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Valar Qringaomis

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Monday, January 04, 2016

Literature and the Civilising Project

"Literary criticism, particularly in its present cohabitation with the academic, is no longer a very interesting or responsible exercise. Too much of it exhibits the complacencies of academic or journalistic values and habits of statement developed in the nineteenth century. Books about books and that flourishing though more recent genre, books about literary criticism (a threefold remove), will no doubt continue to pour out in great numbers. But it is becoming clear that most of them are a kind of initiate sport, that they have very little to say to those who would ask what coexistence and interaction are possible between humanism, between the idea of literate communication , and the present shapes of history. The gap between the academic, belle-lettristic treatment of literature and the possible meanings or subversions of literature in our actual lives has rarely been wider since Kierkegaard first pointed to its ironic breadth...

The blackness of it did not spring up in the Gobi Desert or the rain forests of the Amazon. It rose from within, and from the core of European civilization. The cry of the murdered sounded in earshot of the universities; the sadism went on a street away from the theaters and museums. In the later eighteenth century Voltaire had looked confidently to the end of torture; ideological massacre was to be a banished shadow. In our own day the high places of literacy, of philosophy, of artistic expression, became the setting for Belsen.

I cannot accept the facile comfort that this catastrophe was a purely German phenomenon or some calamitous mishap rooted in the persona of one or another totalitarian ruler. Ten years after the Gestapo quit Paris, the countrymen of Voltaire were torturing Algerians and each other in some of the same police cellars. The house of classic humanism, the dream of reason which animated Western society, have largely broken down. Ideas of cultural development, of inherent rationality held since ancient Greece and still intensely valid in the utopian historicism of Marx and stoic authoritarianism of Freud {both of them late outriders of Greco-Roman civilization} can no longer be asserted with much confidence. The reach of technological man, as a being susceptible to the controls 0F political hatred and sadistic suggestion, has lengthened formidably toward destruction.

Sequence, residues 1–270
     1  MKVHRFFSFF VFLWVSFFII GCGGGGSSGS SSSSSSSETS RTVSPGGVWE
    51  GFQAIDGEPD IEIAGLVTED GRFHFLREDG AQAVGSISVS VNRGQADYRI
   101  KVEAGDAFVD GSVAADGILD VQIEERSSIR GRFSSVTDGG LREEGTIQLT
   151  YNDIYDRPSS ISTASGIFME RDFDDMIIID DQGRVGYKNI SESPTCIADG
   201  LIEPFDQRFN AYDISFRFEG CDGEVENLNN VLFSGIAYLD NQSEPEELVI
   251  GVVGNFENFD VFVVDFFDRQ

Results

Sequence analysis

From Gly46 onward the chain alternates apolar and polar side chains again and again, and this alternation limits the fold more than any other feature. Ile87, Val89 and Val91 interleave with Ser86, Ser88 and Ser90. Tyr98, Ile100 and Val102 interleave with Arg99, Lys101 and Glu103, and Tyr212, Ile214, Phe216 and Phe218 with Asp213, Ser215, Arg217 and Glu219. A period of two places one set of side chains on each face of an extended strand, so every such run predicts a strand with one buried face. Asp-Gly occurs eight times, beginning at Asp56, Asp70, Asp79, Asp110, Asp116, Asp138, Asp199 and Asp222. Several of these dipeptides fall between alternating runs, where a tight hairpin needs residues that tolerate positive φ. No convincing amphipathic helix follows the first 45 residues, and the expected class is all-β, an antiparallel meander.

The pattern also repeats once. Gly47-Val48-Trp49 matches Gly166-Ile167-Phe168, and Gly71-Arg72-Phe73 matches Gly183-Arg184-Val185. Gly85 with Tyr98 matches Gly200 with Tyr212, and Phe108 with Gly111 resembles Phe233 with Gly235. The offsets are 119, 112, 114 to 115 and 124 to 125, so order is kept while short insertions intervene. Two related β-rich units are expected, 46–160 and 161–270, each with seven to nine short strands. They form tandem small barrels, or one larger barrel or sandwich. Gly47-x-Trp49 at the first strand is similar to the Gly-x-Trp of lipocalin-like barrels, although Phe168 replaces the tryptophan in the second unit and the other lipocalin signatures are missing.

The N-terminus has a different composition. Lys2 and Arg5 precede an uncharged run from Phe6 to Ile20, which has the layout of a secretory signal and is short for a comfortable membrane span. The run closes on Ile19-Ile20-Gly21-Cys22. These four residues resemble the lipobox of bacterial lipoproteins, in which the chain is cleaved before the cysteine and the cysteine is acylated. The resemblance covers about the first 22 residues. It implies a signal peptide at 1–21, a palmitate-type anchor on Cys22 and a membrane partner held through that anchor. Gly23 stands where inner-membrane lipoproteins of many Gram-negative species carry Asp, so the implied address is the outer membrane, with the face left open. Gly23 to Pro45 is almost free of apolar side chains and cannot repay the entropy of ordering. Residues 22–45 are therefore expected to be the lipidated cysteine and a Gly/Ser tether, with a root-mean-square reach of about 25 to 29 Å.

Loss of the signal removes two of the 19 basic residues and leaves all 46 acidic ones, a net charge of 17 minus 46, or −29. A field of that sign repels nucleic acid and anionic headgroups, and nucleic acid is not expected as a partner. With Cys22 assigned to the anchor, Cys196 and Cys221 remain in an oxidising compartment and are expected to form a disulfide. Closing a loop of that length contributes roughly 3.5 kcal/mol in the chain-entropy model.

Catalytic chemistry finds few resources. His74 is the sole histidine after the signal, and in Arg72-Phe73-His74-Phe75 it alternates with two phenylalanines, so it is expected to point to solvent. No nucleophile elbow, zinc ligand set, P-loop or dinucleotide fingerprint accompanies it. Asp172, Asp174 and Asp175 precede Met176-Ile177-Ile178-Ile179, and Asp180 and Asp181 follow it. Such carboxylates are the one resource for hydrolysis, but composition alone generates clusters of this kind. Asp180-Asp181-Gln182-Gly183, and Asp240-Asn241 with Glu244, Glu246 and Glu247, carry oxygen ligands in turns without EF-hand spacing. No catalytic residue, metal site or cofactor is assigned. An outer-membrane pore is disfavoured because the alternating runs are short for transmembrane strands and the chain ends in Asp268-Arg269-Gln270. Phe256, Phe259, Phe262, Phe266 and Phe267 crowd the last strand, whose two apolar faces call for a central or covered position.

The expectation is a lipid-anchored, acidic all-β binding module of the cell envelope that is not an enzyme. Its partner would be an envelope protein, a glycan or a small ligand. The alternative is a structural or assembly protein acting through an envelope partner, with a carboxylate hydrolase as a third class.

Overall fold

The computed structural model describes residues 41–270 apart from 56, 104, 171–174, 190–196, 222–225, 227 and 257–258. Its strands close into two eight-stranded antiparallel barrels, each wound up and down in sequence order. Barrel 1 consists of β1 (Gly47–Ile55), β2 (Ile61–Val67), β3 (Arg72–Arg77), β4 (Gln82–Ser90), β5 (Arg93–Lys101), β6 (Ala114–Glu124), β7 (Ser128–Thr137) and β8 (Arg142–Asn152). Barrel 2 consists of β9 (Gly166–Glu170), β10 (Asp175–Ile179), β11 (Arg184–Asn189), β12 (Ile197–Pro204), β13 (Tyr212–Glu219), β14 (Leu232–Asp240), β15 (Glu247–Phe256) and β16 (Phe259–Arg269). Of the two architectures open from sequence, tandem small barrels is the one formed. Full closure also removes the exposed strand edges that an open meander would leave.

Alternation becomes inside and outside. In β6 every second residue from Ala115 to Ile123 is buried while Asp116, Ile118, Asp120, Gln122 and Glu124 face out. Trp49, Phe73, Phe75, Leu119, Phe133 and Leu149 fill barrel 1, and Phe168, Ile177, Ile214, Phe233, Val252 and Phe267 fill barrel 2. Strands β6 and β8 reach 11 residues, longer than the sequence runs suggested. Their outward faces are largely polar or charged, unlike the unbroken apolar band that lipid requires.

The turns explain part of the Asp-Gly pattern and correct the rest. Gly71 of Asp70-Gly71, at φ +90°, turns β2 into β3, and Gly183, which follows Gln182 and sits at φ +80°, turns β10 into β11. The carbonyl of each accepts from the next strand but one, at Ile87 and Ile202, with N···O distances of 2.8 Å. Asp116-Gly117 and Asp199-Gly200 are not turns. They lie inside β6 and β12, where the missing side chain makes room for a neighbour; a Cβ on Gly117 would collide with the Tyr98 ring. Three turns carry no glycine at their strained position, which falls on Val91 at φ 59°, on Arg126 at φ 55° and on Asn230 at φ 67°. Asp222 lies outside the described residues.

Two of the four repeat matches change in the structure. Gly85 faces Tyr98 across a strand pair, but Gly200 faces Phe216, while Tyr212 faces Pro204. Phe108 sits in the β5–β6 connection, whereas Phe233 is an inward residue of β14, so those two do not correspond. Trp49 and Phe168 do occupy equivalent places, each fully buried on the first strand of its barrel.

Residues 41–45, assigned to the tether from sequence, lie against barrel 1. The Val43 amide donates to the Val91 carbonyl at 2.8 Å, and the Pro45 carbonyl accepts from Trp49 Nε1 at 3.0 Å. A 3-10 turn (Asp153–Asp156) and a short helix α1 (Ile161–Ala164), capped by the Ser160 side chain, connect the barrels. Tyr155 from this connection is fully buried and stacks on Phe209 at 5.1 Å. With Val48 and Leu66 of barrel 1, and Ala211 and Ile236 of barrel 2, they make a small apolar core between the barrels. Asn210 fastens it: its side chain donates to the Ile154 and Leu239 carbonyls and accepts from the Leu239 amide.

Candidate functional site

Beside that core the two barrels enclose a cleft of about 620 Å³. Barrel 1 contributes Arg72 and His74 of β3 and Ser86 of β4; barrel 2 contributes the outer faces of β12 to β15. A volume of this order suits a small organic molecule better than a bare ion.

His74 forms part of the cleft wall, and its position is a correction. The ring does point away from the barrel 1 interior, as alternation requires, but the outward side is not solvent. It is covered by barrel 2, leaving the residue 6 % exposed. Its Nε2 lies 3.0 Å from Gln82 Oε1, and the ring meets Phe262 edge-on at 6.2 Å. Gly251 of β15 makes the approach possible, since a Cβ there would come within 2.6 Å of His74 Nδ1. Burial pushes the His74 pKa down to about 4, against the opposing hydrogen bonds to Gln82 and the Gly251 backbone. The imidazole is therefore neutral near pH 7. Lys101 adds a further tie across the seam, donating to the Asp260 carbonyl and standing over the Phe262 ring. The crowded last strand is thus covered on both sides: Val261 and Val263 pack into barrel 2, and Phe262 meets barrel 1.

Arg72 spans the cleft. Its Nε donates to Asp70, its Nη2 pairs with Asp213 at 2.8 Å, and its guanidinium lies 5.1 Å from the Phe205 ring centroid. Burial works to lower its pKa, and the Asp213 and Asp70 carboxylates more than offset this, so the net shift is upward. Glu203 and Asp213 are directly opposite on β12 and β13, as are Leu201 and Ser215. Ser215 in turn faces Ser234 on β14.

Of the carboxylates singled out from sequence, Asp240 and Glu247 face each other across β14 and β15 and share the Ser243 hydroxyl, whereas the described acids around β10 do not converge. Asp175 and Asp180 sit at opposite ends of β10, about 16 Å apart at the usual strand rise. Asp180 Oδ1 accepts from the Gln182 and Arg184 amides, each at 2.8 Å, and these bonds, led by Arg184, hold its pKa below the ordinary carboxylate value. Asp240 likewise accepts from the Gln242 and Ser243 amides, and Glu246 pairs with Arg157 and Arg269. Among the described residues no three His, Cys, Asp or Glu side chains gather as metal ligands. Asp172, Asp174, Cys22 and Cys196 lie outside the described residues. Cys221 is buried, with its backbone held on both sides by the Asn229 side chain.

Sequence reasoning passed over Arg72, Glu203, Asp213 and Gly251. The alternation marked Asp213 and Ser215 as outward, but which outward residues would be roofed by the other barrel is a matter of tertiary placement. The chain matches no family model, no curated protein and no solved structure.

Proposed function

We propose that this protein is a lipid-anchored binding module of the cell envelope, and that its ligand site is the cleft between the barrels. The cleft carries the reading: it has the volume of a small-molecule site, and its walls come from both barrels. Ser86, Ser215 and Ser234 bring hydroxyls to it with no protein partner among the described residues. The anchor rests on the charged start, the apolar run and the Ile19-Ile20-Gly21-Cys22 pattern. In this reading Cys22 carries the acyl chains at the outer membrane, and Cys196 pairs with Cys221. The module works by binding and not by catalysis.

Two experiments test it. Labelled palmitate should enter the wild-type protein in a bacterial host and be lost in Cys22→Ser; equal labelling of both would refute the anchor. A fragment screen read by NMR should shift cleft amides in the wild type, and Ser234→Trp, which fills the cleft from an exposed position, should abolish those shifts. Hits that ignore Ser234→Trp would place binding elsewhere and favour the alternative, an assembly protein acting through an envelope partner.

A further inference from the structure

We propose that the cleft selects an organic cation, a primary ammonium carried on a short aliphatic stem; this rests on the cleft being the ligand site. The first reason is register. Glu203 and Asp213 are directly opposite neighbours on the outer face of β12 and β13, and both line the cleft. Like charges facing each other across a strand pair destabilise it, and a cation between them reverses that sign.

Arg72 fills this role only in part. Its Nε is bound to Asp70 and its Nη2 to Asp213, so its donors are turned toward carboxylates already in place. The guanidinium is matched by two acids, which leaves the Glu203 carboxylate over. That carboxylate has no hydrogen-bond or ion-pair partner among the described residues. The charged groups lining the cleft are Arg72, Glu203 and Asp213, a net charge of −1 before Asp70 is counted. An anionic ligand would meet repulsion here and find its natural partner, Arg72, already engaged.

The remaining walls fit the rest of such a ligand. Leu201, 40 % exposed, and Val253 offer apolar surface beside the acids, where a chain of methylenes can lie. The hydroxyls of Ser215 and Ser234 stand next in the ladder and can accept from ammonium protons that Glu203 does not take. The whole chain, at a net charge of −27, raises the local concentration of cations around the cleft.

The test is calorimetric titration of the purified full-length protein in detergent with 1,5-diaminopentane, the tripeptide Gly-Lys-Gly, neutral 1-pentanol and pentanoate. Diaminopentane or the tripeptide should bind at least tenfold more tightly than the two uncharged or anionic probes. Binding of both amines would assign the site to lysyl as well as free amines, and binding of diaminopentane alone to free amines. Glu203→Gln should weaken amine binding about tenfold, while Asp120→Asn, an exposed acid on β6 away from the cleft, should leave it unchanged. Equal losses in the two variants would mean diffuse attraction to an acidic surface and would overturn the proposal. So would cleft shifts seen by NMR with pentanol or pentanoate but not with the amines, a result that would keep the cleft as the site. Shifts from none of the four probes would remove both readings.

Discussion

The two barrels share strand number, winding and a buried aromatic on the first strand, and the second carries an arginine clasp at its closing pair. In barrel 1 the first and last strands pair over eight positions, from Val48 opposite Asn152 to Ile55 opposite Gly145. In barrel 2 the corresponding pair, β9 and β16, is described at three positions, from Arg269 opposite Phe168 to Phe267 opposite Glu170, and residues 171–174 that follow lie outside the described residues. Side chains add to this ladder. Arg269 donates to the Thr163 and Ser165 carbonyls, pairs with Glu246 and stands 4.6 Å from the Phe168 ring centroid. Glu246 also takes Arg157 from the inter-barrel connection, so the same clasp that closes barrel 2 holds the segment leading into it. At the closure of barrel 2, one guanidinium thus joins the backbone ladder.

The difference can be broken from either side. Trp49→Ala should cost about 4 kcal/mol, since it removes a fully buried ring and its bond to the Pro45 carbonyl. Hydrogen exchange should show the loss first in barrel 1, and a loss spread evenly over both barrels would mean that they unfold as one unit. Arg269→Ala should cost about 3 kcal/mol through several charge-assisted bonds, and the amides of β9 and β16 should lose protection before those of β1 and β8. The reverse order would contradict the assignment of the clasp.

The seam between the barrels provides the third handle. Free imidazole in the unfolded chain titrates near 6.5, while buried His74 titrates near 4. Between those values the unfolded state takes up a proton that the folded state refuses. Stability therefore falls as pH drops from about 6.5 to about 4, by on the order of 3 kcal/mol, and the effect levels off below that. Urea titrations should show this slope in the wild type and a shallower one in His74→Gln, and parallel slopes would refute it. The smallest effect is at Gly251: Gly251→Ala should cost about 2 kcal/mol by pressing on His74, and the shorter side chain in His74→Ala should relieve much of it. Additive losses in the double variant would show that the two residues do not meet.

To think of literature, of education, of language, as if nothing very important had happened to challenge our very concept of these activities seems to me unrealistic. To read Aeschylus or Shakespeare—let alone to “teach” them—as if the texts, as if the authority of the texts in our own lives, were immune from recent history, is subtle but corrosive illiteracy. This does not mean any indiscriminate or journalistic test of “present relevance”; it means that one tries to take seriously the complex miracle of the survivance of great art, of what answer we can give to it from our own being.

We come after. We know now that a man can read Goethe or Rilke in the evening, that he can play Bach and Schubert, and go to his day’s work at Auschwitz in the morning. To say that he has read them without understanding or that his ear is gross, is cant. In what way does this knowledge bear on literature and society, on the hope, grown almost axiomatic from the time of Plato to that of Matthew Arnold, that culture is a humanizing force, that the energies of spirit are transferable to those of conduct? Moreover, it is not only the case that the established media of civilization—the universities, the arts, the book world—failed to offer adequate resistance to political bestiality; they often rose to welcome it and to give it ceremony and apologia. Why? What are the links, as yet scarcely understood, between the mental, psychological habits of high literacy and the temptations of the inhuman? Does some great boredom and surfeit of abstraction grow up inside literate civilization preparing it for the release of barbarism?"

--- Language and Silence / George Steiner
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